Today we publish the first part of this journey – ‘Firstlings’, which you can watch and read below.


by Jim Mackintosh



Water song. Raised from wise mountains way beyond:
across slouch and skim, firstlings of tone, reed notes
strung in the beech rooted nook, the voice of herself

like an encouraging hand placed on your shoulder
or the restless turn of long travelled pebbles
yet to find settled peace below the river’s alter.

Was music once the proof she was our mother?
I’ll take that as my prayer to pull around myself,
the assured blanket of her wise woven existence.

So let the ear decide like the shepherd at the fank gate
in mizzled light, counting the herds of doubters
stumble uncertain into their lyrical future. She will wait.


‘Remember this. As your false dawns of progress falter,
my voice will never be silenced. My words remain as earth
and air. My stratified tongue the outcrop of your examinations.’

Naïve minds claw at the weave but their futile sweat-shards
drop into the dark recesses of previous failures to tame
the wild constants of all that is not theirs to shackle.

What is it you try to achieve? You are forever in the fidget
of transient glory, grafting endlessly at your next vanity of
self-indulgence. Only for it to crumble into another layer

of dust then swept up by the cailleach’s mocking laughter
echoing in high corries, under stone arches, on water-song
to drift away – sea bound, inevitably emptied of its soul.


And lock her words into your mouth, in actions too
so when the terraforms of greedy inquisition simmer:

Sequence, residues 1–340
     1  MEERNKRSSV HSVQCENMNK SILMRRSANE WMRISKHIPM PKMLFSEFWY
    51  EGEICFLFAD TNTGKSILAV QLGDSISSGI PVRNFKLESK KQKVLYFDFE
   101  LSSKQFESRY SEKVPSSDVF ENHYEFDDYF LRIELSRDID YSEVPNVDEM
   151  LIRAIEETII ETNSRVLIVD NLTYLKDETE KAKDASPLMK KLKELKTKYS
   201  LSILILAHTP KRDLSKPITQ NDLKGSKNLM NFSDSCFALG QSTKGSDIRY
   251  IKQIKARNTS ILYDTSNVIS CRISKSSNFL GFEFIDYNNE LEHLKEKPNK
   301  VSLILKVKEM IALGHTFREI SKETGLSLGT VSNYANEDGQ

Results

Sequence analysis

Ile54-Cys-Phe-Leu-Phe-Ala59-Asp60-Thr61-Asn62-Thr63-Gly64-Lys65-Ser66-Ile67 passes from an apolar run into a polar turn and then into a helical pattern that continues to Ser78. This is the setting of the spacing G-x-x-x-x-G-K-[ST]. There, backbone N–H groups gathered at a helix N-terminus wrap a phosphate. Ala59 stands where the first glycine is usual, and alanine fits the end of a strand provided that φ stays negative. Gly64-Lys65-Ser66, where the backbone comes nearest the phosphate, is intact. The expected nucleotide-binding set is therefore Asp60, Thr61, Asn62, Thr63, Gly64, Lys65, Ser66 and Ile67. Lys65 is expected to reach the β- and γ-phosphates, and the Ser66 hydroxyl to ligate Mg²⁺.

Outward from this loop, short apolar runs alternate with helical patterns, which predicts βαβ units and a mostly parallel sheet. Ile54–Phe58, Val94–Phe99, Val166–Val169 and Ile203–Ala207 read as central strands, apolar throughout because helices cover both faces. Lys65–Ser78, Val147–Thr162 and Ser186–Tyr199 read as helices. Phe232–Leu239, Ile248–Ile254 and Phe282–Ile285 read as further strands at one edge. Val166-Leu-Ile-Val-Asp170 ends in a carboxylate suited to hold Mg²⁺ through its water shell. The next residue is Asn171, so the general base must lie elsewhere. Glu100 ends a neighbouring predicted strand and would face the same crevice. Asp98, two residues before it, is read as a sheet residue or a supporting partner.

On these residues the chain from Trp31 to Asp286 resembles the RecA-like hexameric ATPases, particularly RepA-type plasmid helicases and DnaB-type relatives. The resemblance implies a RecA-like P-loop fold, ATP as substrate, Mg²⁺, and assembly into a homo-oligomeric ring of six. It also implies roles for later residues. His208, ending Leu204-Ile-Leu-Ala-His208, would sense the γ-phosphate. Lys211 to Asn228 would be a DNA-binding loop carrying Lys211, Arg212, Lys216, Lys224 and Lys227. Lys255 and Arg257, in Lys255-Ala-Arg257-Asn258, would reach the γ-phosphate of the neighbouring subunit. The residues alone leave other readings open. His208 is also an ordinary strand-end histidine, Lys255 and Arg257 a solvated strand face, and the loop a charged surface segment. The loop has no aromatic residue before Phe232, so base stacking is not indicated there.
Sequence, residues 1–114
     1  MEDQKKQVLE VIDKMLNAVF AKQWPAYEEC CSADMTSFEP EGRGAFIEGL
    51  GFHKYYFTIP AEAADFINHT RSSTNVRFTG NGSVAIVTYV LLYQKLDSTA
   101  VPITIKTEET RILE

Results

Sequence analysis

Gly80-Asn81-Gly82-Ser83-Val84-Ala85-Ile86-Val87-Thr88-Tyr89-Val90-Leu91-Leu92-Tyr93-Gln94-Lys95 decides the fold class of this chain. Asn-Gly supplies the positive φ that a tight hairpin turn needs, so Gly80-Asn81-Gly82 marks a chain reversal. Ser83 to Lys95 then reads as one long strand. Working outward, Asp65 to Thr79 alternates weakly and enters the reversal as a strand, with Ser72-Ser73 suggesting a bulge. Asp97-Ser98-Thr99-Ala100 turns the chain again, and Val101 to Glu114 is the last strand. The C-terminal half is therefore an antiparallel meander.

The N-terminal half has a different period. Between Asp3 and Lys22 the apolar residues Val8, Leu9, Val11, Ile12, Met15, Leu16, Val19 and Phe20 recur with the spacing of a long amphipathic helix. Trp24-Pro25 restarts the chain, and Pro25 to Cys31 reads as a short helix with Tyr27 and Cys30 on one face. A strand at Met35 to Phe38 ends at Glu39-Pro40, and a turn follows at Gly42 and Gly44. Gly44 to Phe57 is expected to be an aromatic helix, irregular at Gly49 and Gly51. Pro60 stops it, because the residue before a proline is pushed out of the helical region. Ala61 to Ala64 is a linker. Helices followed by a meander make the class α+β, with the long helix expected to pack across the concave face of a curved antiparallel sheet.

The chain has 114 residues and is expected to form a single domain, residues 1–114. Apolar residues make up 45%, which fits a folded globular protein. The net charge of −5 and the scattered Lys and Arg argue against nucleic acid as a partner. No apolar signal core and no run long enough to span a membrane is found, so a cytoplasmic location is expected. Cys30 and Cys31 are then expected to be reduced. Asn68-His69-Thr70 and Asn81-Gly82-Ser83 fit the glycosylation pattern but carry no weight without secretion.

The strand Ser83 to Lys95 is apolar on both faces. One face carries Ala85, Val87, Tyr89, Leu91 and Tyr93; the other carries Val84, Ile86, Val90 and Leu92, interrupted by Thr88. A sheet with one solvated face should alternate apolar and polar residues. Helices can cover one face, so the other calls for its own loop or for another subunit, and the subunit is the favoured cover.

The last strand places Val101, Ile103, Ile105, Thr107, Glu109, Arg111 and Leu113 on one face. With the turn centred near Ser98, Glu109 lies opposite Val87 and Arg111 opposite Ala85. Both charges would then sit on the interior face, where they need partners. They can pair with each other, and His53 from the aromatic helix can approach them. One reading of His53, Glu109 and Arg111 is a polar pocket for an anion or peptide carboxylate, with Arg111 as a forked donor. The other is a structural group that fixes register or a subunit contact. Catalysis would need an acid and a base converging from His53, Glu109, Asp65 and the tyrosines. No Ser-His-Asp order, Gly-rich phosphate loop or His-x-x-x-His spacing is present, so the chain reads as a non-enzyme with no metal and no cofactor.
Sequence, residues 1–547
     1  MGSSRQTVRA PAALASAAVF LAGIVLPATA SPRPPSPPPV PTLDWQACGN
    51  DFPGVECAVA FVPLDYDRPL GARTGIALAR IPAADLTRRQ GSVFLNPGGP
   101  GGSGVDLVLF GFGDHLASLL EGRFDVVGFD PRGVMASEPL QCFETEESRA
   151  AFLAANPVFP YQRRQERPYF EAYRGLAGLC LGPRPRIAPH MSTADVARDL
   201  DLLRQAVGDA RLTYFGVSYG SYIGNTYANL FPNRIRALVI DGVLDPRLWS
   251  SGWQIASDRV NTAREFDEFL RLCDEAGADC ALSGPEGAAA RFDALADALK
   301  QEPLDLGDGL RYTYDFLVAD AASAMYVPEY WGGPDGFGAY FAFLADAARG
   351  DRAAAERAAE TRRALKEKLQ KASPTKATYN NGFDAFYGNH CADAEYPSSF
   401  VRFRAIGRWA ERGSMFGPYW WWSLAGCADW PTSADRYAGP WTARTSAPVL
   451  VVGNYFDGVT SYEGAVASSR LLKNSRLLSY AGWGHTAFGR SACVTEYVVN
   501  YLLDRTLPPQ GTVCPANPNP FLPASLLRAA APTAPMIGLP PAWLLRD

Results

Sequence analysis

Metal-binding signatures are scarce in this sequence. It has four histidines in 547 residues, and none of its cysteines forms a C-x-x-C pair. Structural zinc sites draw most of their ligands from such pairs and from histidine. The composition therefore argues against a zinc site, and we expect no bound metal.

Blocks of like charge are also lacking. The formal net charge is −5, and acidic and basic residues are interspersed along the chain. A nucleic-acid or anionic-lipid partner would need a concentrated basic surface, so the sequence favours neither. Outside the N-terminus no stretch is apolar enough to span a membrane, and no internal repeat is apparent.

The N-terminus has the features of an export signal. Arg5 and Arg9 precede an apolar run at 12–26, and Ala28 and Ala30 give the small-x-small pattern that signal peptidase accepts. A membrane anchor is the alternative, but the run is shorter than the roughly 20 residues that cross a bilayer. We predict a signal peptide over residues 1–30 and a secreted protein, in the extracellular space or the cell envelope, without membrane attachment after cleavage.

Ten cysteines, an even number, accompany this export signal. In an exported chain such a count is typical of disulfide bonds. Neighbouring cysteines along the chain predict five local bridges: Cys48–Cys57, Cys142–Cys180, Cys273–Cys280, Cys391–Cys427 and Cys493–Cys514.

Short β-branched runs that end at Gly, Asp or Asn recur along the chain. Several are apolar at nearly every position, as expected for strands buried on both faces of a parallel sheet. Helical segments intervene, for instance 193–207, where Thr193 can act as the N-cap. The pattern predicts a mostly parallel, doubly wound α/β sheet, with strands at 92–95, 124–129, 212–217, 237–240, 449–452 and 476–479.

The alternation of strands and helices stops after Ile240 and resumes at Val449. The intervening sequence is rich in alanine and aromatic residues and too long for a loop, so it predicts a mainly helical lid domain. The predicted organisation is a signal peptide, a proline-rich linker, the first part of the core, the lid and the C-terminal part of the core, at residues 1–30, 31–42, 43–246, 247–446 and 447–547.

become cailleach, hold wise, earth-hearted – shine light

where forefathers bent to the landlord’s silver, not
for profit or the progress of noble deliberations, yet
only to shelter the bairns and fill their bellies with love.

The shovel, the pick axe held out towards the lens
in mud-lock stance where the line-up of honest graft
under the weight of weary eyes prays for better days

and by candle light owns the pain of grace by labour.
We walk the paths they built, the land they shaped.
We stand in doorways with them unseen yet still there.


Memories embedded in the mulch of our surroundings,
fluid in their seep, the unravel of sinew and blood, coin
and crown, weft and plough – statues in tackety boots or

white linen aprons stained with ancestral sweat and tears.
With our fixed perceptions waiting to be unstitched, to
learn to read again, to understand the codes of our lands

so that our mind’s eye can teach itself to focus our bairns
futures into sharper visions where our history folds familiar
through our learnings into tomorrow. The time is now.

Let the bairns find nourishment in the anchoring of words.
Only in knowledge of what has been lived through,
can the influence of common wealth
be shared equally and the wisdom of our earth be cherished.